The NFL playoffs finally heat up, as a wild finish in Dallas and a tight game in Kansas City go some way to making up for the blowouts that preceded them.
22 Oct 2008
by Doug Farrar
Chad Clifton vs. Dwight Freeney
Green Bay Packers 34 at Indianapolis Colts 14
If you're not a Packers fan and you're aware of Green Bay left tackle Chad Clifton, it's probably from one event: the blindside hit put on him by Warren Sapp in a Buccaneers-Packers game in November of 2002. Clifton was lost for the season with a pelvic injury, while Sapp and then-Packers coach Mike Sherman famously jawed at one another after the game, with Sherman calling Sapp a "chicken(bleep)" and Sapp exhorting Sherman to "put on a jersey." Perhaps you've also heard of Clifton's success against 2007 sack champion Jared Allen, no matter whether Allen lined up for the Chiefs then or the Vikings now. The nine-year veteran made the Pro Bowl for the first time after the 2007 season, and he's become one of the more highly-regarded tackles in the game.
How good is Clifton? One of the best tests for any left tackle is the elite speed rusher, so Clifton's matchup against Dwight Freeney of the Colts seemed optimal for Cover-3 focus.
In November of 2007, the Colts were forced to place Freeney on injured reserve with a foot injury suffered during one of his patented spin moves. Freeney had to have Lisfranc surgery, though he recovered in time for the 2008 season. Through the Colts' first four games of this year, Freeney had three sacks and two forced fumbles, looking very much like the player who averaged 12.5 sacks and 5.5 forced fumbles in his first four seasons. Freeney's productivity tailed off a bit when he suffered a leg injury in Week 5 against the Texans, though he certainly looked fast enough against Green Bay.
Since Freeney is known for getting washed out easily enough on run plays, it made sense to focus on the one-on-ones in passing situations only. What surprised me was how often Clifton took the challenge without any blocking help, and how successful he was.
Green Bay's first pass play came with 1:55 gone in the first quarter, with the Packers at their own 38 on third-and-6. At the snap, Freeney tried a spin move inside, but bounced off Clifton, who had perfect position, and got nowhere. Aaron Rodgers completed an 11-yard pass to tight end Donald Lee for a first down.
Three plays later, Green Bay had another third-and-long from the Colts' 35. Freeney shot off left end like a missile, but the Packers were ready for him. Not only were they lined up in shotgun with an offset-I and running back Brandon Jackson in the backfield, but Lee motioned right to left presnap. As Rodgers took the ball, Lee stayed home in the left slot to chip before going out on a short cross. Past Lee, Jackson chipped Freeney as well. Freeney got past Jackson only to deal with Clifton and his excellent hand technique. As Freeney spun a back into Clifton just a bit early, he was taken to the ground by contact with guard Daryn Colledge. Rodgers stepped up in the lane and threw an incomplete pass to Lee. A holding call on cornerback Tim Jennings gave Green Bay a first down at the Indianapolis 30.
Four straight running plays later, the Packers went shotgun, five wide, trips right, empty backfield, and the Colts responded with a twist on the right side of the line. Tackle Keyunta Dawson was doubled inside by Clifton and Colledge, while Freeney had to go all the way around the scrum to try and get to Rodgers before he got off a pass eight yards downfield to Jordy Nelson. Of course, with Freeney's speed, he still almost got there and nearly deflected Rodgers' pass. His quickness, especially in making the turn around right tackle, was something to behold. I don't know if there's another defensive end with Freeney's sheer motor in a situation like that.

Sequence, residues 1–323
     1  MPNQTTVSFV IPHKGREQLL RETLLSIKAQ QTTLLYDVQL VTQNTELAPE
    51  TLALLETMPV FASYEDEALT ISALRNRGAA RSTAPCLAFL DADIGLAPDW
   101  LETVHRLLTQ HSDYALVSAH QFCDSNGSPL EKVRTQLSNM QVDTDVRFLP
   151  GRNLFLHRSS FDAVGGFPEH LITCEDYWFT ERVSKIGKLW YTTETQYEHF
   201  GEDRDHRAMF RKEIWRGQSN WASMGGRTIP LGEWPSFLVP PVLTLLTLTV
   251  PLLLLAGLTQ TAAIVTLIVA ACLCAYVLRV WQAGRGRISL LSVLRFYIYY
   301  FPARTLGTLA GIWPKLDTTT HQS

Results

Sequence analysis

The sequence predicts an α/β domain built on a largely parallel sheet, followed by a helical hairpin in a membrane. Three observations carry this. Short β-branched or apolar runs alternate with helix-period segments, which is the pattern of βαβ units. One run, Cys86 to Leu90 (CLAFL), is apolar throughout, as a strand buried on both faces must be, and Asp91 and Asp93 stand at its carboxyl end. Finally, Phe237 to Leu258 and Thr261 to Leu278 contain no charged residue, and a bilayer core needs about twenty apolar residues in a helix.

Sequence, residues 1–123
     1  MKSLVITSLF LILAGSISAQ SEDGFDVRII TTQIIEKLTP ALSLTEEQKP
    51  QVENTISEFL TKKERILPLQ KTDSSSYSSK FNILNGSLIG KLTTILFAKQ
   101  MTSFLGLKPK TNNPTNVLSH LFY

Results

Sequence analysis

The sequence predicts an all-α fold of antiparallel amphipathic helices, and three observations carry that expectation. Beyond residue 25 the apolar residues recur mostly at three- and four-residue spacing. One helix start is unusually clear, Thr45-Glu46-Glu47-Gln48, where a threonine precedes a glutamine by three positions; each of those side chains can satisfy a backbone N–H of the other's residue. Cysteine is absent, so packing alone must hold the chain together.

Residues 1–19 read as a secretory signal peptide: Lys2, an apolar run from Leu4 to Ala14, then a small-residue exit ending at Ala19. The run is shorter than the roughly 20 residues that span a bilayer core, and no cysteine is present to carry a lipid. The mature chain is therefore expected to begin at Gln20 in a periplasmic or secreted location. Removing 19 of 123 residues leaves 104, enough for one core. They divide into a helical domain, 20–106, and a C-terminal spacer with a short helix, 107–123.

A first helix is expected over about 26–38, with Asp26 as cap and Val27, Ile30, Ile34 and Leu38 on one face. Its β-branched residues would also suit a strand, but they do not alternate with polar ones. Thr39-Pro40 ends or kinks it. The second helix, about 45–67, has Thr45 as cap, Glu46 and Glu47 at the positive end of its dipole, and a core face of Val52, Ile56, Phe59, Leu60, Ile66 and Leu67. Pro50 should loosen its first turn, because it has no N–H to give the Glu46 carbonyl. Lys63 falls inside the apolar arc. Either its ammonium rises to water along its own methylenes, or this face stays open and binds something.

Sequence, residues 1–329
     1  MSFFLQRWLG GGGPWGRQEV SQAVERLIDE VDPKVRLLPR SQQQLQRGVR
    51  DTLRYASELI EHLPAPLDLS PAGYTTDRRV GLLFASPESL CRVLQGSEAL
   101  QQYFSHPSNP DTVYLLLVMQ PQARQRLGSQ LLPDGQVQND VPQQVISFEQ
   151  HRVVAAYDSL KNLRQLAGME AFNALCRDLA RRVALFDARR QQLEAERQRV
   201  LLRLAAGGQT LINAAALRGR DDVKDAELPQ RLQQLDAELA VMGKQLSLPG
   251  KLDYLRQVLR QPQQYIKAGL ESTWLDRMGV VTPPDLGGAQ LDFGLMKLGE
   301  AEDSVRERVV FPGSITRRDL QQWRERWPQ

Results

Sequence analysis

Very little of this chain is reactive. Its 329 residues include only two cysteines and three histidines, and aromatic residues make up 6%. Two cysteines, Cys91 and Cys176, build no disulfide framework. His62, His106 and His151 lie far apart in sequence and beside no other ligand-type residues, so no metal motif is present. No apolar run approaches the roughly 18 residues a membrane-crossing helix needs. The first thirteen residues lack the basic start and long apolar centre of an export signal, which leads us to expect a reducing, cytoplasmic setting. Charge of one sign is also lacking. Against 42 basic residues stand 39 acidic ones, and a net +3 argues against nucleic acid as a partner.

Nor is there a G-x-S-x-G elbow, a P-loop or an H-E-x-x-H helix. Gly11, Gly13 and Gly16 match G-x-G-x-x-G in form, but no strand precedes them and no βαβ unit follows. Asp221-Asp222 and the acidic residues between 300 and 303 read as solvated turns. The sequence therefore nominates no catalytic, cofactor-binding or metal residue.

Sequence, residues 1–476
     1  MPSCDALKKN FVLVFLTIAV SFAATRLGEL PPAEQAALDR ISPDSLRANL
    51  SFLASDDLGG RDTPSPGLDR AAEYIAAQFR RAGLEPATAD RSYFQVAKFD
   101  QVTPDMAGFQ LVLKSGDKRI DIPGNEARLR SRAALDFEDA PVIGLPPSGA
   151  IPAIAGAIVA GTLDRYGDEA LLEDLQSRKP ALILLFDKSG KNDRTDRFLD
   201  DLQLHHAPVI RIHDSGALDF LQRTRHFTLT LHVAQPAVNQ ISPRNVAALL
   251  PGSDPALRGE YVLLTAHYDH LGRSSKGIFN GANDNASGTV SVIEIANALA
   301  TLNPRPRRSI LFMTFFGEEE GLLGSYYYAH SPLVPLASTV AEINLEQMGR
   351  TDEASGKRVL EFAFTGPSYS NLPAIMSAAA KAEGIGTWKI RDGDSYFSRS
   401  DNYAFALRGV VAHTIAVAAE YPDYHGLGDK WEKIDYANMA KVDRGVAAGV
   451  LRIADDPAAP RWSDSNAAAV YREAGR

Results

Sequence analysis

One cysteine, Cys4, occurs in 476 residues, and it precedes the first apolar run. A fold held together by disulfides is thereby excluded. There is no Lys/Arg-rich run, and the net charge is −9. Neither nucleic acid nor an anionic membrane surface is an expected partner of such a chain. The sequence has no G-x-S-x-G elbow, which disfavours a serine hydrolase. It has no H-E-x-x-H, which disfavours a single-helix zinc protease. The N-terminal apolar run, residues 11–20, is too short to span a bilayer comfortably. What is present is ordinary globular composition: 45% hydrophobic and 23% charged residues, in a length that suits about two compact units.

The next play featured another empty backfield for the Packers, and the Colts went to a three-man front. Freeney got caught up with the double-team of Clifton and Colledge, and Jennings atoned for the holding call by breaking up a Rodgers pass to Ruvell Martin. The Packers had to kick a field goal from the Indianapolis 13. Coverage over pressure was the goal here with the Colts only bringing three, but you got to see the respect Freeney has earned in this league with that double-team.
The Packers started their next drive at their own 20 with 4:06 left in the first quarter. Another quick pass, this time to Greg Jennings, and Rodgers was confident enough in Clifton's ability to stand in the pocket to the left side as Clifton fanned Freeney out of the play, using Freeney's own speed against him.
Ryan Grant headed up the middle for seven yards in the next play. Then the Packers motioned into an inverted wishbone on second-and-3 from their own 41, but Clifton didn't need any help. Once again, he took Freeney out of the play. Tim Jennings got flagged for pass interference on Greg Jennings 25 yards downfield, and the Packers had first-and-10 at the Indy 34.
The Packers kept driving, down to the Colts' 23 with a first-and-10. They went shotgun, three wide, and Clifton made his most impressive pass-blocking move of the day, taking inside position as Freeney tried making a half-circle around Rodgers to disengage and get to the quarterback. Clifton wasn't having it, and this was where Clifton's speed -- the kind of speed that can shut out a player of Jared Allen's caliber -- became apparent. On the next play, tackle Darrell Reid was flagged for a neutral zone infraction, which was symptomatic of the Colts' defensive frustration.
On their first pass play of the second quarter, it became clear that the Packers didn't believe they had to double Freeney anymore, even on longer throws. From his own 11, Rodgers hit Donald Driver over the middle for a 24-yard gain, and Clifton again kept Freeney at bay, basically laughing off a cosmetic spin move at the end. Against a quick-strike team like the Packers, you're better off making either speed or power your game plan -- this offense gets the ball in the air too quickly for exotic inside moves. But even on longer plays, where Rodgers has to wait for his receiver to cross to the middle, Clifton was able to handle Freeney with ease.
Clifton's extremely good at picking up speed-rushing ends from an angle, as he did to Freeney with 8:20 left in the first half. Freeney tried to drive inside at the snap, but Clifton proved to be far too powerful, and his technique too good, for that to happen. By the end of the first half, Clifton was starting to exert physical pressure on Freeney, forcing him lower to the ground and taking away whatever leverage he had.
Clifton was going to have some advantages coming into this game - the Colts didn't blitz a lot, which meant that he wouldn't have to deal with Freeney's speed and someone else's power at the same time. Still, his ability to take that speed and consistently push it out of the way really impressed me. He also displayed the ability to drive-block when facing end Josh Thomas on certain plays. Clifton is a classic grinder -- he's missed only one game since returning in 2003 from the Sapp injury -- and he's playing as well as any team can ask of its premier offensive lineman. Freeney displayed good speed and agility; he was simply defeated by an opponent playing at a very high level.
Nate Clements vs. Plaxico Burress